The Vietnam Nam War shepherded me into the Naval Academy. Clear am I that I would not be accepted in today’s competitive process. In between those streetcar rides and promenades about the Yard of the Naval Academy, I became a lot more of what I was to be than I ever figured while a Jesuit Blue Jay. Who else in high school left Latin class to learn to field strip an M-79 grenade launcher while meandering in the halls with hundreds of other boys in enforced silence?! Beware of the Prefect of Discipline along the stairways, especially Pat Screen’s little brother.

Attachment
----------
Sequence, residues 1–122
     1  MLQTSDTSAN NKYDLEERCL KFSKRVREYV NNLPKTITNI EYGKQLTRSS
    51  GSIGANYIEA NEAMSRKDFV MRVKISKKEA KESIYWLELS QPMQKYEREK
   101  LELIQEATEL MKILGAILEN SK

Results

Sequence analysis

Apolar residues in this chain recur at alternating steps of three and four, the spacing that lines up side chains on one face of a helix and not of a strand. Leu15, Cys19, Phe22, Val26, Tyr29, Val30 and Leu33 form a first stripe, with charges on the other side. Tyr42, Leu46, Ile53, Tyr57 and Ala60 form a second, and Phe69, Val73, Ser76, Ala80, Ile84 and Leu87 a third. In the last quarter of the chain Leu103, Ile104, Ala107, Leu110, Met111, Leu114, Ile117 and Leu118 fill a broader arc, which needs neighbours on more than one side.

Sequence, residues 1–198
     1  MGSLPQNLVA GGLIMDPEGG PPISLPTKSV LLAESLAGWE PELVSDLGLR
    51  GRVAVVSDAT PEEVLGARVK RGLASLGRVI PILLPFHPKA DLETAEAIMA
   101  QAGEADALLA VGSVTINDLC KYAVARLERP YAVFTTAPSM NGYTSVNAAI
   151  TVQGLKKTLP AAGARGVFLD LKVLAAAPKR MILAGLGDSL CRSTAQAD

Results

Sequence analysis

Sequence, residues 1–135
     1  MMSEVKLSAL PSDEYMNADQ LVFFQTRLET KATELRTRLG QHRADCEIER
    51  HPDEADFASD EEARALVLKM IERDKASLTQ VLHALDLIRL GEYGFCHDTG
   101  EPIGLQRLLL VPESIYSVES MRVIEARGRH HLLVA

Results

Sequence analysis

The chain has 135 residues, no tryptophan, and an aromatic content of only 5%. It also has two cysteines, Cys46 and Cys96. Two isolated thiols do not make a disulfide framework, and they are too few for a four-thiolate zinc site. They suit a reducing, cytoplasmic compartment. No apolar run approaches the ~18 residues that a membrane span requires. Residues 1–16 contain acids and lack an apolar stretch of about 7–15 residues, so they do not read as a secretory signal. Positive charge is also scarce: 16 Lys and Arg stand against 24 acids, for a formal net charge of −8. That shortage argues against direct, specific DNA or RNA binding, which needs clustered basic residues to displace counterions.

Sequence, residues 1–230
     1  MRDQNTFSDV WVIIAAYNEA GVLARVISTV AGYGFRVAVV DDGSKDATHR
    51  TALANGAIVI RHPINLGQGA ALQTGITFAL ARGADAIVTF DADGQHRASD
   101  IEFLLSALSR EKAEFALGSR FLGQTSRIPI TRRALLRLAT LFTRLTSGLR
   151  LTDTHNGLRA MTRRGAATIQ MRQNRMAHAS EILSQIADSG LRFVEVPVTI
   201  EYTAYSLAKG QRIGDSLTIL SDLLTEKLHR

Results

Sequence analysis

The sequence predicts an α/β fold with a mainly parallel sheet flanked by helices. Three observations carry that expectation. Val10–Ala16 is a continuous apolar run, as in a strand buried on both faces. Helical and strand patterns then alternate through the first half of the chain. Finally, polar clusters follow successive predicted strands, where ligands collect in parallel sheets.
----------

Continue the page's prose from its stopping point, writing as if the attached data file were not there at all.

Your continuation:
My best year at the Naval Academy was my first year much to the wonder of all and the disappointment of some who were quite sure that I wouldn’t be at muster for long. But I had all of these classes at Jesuit: French, Calculus, English and even Naval Science aka Military Science. One of my company officers eventually became Commandant of the Marine Corps. He was careful about who could besmirch his reputation as a promotable leader. Can you imagine his surprise when my denied-by-him request to attend the Cherry Blossom Festival Ball one Saturday evening in Washington, DC as invited by Cindy Hufft (the charming CH) was recanted after a call to the Academy from the office of Congressman F. Edward Hebert, Chairman of the House Armed Services Committee. The then Captain Krulak, as he handed me my now approved chit (form) to attend the Ball, only asked me, “how do you know someone in Congressman Hebert’s office?” “I’m not exactly sure, Sir,” I replied, “but I believe that Miss Hufft’s father worked for Huey Long.” He stared at me incredulously as he invited me out of his office “New Orleans must be quite the place,” he said.